Iraq forces launch offensive on IS holdouts in Mosul

Iraq forces launch offensive on IS holdouts in Mosul
Iraqi forces have launched an offensive to retake the parts of Mosul's Old City still held by the Islamic State group, the army has announced.
3 min read
27 May, 2017
The Old City consists of closely spaced buildings and narrow streets [AFP]

Iraqi forces have launched a broad assault on parts of battleground second city Mosul still held by the Islamic State group, the military announced on Saturday.

The offensive is the latest push in the more than seven-month battle to retake Mosul, a lynchpin in IS' now crumbling bid to establish a cross-border jihadi "state".

Multiple security forces units are attacking "what remains of the un-liberated areas" on the west bank of the River Tigris, the Joint Operations Command said in a statement.

"Army forces attacked al-Shifaa neighbourhood and the Republican Hospital, federal police forces al-Zinjili neighbourhood, and counter-terrorism forces attacked al-Saha al-Oula neighbourhood," it said.

All three neighbourhoods are located north of the Old City, a warren of closely spaced buildings and narrow streets that has posed significant challenges to Iraqi forces seeking to oust IS.

On Friday, the federal police said they had bombarded IS positions with Grad rockets and field artillery in "preparation for attacking the Old City in the coming hours".

But the Joint Operations Command did not mention any attack on IS-held areas of the Old City on Saturday.

An Iraqi military, source speaking on condition of anonymity, told The New Arab that the attack on the Old City stopped two days ago, without any justification from the Joint Operations Command.

"The attack drained the federal police forces and subjected them to continuous counter attacks by IS in the southern parts of the Old City," he said.

Federal police officer Mohamed Aboud told The New Arab that among the reasons behind pausing the advance on the Old City was the change in military plans due to the nature of the area and IS tactics against security forces.

"Another reason is the presence of thousands of civilians under siege," he said. "We hope to help them exit via safe corridors created by the federal police."

Earlier this week, the military said it had dropped "hundreds of thousands of leaflets" on IS-held areas of Mosul urging "citizens to exit via safe corridors towards security forces".

Dangers to civilians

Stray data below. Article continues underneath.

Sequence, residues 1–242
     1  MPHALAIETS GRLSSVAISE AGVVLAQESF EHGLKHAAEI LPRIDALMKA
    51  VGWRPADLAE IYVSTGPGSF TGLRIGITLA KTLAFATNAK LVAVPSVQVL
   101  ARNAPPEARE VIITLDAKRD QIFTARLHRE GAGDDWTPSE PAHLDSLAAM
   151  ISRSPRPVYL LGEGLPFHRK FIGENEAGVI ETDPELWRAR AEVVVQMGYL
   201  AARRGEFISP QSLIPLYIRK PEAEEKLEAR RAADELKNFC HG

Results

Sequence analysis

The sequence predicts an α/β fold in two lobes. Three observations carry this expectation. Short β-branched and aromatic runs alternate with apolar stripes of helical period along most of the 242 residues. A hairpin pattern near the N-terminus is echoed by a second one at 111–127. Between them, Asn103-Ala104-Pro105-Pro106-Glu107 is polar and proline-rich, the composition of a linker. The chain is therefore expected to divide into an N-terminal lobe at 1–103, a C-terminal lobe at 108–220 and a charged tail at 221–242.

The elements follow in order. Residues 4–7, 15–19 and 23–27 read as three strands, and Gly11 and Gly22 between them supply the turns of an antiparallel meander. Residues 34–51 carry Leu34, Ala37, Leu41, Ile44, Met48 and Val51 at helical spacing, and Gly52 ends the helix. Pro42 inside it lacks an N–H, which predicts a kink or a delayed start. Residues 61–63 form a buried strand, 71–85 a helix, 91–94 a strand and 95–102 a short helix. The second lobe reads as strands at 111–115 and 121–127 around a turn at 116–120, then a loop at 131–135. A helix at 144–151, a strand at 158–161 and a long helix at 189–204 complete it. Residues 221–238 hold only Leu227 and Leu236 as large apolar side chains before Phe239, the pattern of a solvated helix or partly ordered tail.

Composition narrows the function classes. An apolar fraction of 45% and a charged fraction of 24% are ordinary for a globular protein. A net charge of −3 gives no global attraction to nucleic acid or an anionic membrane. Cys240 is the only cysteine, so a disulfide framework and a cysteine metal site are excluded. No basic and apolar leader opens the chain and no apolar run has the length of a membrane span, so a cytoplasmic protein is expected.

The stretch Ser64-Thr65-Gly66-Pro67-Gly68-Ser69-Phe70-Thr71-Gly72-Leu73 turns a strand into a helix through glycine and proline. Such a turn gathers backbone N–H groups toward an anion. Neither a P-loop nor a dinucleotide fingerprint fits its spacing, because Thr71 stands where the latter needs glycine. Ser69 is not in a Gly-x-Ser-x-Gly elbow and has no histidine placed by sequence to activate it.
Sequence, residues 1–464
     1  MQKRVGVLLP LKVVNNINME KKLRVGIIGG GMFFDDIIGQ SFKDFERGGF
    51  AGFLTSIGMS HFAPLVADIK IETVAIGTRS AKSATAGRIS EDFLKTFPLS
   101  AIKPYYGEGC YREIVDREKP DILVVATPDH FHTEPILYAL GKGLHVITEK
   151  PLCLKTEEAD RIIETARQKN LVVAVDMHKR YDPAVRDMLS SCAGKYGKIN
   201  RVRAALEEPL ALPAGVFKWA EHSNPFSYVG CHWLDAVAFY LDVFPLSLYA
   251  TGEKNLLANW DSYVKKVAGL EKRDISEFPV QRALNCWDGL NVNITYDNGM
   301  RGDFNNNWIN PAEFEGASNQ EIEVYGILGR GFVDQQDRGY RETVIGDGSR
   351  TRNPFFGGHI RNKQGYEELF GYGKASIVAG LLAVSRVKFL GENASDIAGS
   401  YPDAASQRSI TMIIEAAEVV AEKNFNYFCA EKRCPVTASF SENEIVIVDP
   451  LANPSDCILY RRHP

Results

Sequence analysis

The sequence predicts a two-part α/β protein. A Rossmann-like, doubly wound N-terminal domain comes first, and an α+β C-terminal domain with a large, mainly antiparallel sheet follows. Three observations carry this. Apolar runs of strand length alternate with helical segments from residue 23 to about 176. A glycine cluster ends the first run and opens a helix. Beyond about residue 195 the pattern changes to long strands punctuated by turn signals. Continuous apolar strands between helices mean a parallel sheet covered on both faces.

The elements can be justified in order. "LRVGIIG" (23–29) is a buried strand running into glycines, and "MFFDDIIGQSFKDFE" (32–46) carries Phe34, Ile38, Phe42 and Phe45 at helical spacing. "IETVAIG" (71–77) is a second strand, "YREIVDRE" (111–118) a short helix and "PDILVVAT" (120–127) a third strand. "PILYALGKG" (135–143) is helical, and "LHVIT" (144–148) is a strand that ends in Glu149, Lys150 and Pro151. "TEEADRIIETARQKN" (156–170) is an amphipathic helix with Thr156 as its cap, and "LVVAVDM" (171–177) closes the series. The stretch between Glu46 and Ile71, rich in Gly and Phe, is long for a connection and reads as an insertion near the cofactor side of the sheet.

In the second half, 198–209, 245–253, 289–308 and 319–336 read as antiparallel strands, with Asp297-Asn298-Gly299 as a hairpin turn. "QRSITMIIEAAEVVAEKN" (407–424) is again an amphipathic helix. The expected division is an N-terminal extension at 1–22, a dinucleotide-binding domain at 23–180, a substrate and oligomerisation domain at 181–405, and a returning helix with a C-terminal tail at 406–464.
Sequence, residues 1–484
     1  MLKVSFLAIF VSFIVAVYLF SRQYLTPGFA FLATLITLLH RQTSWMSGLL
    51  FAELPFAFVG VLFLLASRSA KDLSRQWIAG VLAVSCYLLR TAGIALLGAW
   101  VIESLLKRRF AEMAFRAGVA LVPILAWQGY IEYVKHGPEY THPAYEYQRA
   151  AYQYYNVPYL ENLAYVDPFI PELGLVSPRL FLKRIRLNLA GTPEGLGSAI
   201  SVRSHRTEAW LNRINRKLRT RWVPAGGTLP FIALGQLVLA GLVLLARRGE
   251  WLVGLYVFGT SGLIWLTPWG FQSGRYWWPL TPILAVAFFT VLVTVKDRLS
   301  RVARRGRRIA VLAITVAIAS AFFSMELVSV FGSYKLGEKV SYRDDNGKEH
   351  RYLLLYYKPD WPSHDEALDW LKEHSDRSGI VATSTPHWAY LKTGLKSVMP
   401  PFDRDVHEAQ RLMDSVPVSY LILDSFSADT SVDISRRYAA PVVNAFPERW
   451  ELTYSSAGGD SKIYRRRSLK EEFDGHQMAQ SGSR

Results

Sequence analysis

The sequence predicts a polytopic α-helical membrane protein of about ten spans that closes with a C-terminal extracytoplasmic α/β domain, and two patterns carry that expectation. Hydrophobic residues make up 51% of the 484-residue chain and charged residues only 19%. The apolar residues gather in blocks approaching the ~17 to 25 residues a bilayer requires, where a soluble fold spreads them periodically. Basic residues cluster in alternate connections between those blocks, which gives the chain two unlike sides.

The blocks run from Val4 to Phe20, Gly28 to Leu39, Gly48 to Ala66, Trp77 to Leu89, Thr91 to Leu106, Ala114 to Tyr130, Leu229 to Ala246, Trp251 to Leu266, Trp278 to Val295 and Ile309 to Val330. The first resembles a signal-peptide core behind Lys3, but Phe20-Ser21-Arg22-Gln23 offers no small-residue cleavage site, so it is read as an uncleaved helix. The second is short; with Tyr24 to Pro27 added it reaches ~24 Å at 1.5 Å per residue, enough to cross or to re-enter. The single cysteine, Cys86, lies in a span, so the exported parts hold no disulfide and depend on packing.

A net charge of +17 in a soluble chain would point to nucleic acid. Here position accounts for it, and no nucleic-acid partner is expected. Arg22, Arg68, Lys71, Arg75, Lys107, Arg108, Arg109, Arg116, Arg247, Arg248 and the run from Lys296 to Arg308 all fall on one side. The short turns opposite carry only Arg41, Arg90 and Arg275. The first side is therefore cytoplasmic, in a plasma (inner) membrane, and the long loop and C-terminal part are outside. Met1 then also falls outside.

International aid group Save the Children expressed concern that the call for civilians to leave could expose them to additional danger.

"The Iraqi government must ensure all exit corridors are genuinely safe for people to flee," it said.

"The call for civilians to leave their homes is a U-turn on former directives that compelled civilians to stay and wait for the battle to pass" - instructions that also raised concerns about the risks.

IS overran large areas north and west of Baghdad in 2014, but Iraqi forces backed by US-led air strikes have since regained much of the territory they lost to the jihadis.

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Iraqi forces launched a major operation to retake Mosul in October last year, fighting their way to the city and retaking its eastern side before setting their sights on its smaller but more densely populated west.

The battle has taken a heavy toll on civilians, pushing hundreds of thousands to flee, while hundreds more have been killed or wounded.

On Thursday, the US announced the results of an investigation into a deadly coalition air strike earlier this year.

The probe found that at least 105 civilians had been killed and 36 remained unaccounted for, but said most had been killed by the secondary explosion of IS munitions stored in a nearby house.

There have also been reports that members of an Iraqi interior ministry special forces unit tortured and killed detainees during the Mosul operation.

Iraqi photographer Ali Arkady recounted witnessing the abuse, which he also filmed, in an article for German magazine Der Spiegel. US network ABC News too reported on Arkady's footage.

The interior ministry has launched an investigation into the allegations.

Abuses such as those described in the reports could sow the seeds of future conflict even as security forces near the end of the battle for Mosul, IS' most emblematic stronghold.

Agencies contributed to this report.